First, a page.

Kentucky, Frankfurt April 30th: 1800
Pardon me if my zeal for the public good hath induced an address to you in your official capacity different from the common rotine of business; yet sir when you reflect on both the importance & delicacy of the subject, I trust this deviation will be excused as I would not be willing to commit myself upon the occasion to any other person except yourself.
Thro’ the medium of a correspondence which subsists between three of the representatives in Congress from this State & myself, I am informed that it is probable a considerable change in the Judicial system of the United States will take place & that by it the appointment of one additional Judge for this District will be necessary.
I have reason to believe that Mr. William Murray and Mr. William McDowell both Attornies at law will be recommended to you to fill the Office, should one be created by the passage of the Bill under consideration. It is upon the subject of this appointment, that I shall venture to obtrude some observations under a certain confidence that they will remain within your own bosom & that you will make use of the information only as the exigencies of the case may require.
Mr. Murray is a sound Lawyer, he wants application, yet is capable of making a good Judge, if it was not his misfortune to be at times guilty of great intemperance, which would place him occasionally in a situation very much unbecoming a Judge.
Mr. McDowell is a gentleman of easy manners possessing great sobriety, yet wants the essential requisite of a Judge—Legal knowledge—neither does he possess a capacity to acquire knowledge upon. With Mr. Murray I have lived for twelve years last part in habits of intimacy, and with Mr. McDowell fourteen, therefore this information will not I presume be supposed to arise from any other cause than that of the good of my country, especially when I declare that the gentleman who I am about to recommend is totally unconnected with me & to whom am more a stranger than to either of the others, having never resided nearer than twenty miles to him.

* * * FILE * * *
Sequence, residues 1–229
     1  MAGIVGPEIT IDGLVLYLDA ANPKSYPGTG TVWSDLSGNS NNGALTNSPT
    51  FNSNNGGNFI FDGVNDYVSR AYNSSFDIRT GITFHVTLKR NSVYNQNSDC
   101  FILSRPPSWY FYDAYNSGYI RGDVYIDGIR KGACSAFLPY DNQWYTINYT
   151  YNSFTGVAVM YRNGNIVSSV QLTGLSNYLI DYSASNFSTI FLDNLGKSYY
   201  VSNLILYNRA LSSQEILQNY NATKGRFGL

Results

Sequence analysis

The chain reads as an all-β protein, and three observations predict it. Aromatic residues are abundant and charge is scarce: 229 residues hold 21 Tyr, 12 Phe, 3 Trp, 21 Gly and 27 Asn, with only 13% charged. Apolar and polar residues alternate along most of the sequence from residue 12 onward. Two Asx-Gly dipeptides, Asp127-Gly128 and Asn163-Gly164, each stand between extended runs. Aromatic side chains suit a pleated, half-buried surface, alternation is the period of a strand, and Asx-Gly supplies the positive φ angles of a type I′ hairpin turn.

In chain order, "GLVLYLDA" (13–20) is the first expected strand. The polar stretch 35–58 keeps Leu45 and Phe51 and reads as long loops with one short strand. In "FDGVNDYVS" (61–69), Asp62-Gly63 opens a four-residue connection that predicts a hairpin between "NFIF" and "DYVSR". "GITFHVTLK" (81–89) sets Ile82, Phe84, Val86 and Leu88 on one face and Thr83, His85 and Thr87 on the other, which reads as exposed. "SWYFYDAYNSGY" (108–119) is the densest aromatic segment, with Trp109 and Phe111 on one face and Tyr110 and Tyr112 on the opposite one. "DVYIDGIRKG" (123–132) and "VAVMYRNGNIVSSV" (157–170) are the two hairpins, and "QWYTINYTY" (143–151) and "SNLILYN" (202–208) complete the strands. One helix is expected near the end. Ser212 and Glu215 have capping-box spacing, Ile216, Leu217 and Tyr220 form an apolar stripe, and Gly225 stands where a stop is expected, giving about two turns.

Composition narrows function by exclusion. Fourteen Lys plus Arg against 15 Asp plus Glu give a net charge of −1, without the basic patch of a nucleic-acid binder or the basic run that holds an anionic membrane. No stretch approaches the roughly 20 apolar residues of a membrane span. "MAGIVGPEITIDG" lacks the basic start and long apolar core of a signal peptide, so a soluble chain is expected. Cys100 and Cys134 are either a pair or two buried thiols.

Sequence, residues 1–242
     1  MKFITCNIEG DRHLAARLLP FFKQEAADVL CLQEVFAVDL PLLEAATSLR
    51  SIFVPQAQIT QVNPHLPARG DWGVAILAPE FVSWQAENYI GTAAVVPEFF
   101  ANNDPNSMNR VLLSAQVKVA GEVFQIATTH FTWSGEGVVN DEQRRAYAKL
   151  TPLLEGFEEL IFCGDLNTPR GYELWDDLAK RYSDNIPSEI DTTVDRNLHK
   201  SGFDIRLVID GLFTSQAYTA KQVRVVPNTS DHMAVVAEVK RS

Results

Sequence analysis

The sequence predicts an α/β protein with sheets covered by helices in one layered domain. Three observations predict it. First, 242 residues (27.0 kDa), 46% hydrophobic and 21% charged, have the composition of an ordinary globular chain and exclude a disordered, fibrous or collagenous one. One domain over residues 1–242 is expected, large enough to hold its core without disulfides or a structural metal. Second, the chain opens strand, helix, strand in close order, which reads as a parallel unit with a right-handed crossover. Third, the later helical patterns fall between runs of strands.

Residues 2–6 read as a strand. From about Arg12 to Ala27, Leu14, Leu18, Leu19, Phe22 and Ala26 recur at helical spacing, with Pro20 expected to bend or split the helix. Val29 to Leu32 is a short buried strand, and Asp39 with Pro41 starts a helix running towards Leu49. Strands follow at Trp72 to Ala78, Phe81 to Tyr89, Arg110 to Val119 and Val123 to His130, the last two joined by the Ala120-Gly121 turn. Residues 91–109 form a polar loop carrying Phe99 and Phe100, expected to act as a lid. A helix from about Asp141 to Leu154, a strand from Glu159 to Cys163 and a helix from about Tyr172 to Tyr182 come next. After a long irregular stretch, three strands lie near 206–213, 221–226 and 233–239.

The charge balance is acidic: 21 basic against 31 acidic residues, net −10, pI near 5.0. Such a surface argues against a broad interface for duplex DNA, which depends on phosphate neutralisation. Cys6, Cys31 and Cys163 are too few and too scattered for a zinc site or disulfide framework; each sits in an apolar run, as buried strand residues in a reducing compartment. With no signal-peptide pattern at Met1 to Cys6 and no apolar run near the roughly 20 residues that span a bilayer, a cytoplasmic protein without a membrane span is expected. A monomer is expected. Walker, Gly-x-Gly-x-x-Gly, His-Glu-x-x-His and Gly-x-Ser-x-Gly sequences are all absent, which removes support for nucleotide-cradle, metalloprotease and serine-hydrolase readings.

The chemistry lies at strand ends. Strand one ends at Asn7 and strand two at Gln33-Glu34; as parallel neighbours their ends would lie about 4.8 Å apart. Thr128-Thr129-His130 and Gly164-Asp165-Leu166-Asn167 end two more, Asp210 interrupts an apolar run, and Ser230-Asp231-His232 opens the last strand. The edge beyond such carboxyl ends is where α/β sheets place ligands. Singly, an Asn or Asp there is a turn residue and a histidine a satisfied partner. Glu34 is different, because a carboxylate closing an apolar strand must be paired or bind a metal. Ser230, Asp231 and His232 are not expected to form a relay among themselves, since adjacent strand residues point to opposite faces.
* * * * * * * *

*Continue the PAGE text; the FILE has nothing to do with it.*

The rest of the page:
Mr. Buckner Thruston who is now a District Judge for this State will in many instances be superior to either of the other gentlemen—His integrity is equal to either, his education equal to Mr. Murray’s & greatly superior to that of Mr. McDowell—His legal knowledge, if not equal to Mr. Murrays, is not far inferior & greatly exceeds Mr. McDowell’s. He is a younger man than either, capable of application, possessing great sobriety & as a Judge rising in the estimation of his country.
Candor requires that I should conceal nothing from you respecting the character of Mr. Thruston as it is my intention to recommend him to your attention. Some years since he was addicted to Gambling—But upon minute enquiry I am informed he has entirely abandoned that destructive vice and now is considered as free from it as any man in the Union.
You now sir have my sentiments respecting the three gentlemen; Mr. Thruston is a stranger to my addressing you, yet if circumstances shall require an additional Judge I take the liberty of recommending him to you for nomination, pledging myself for his acceptance should he be appointed.
With considerations of great respect / esteem I am sir your mo. ob. servt.
MHi: Adams Papers.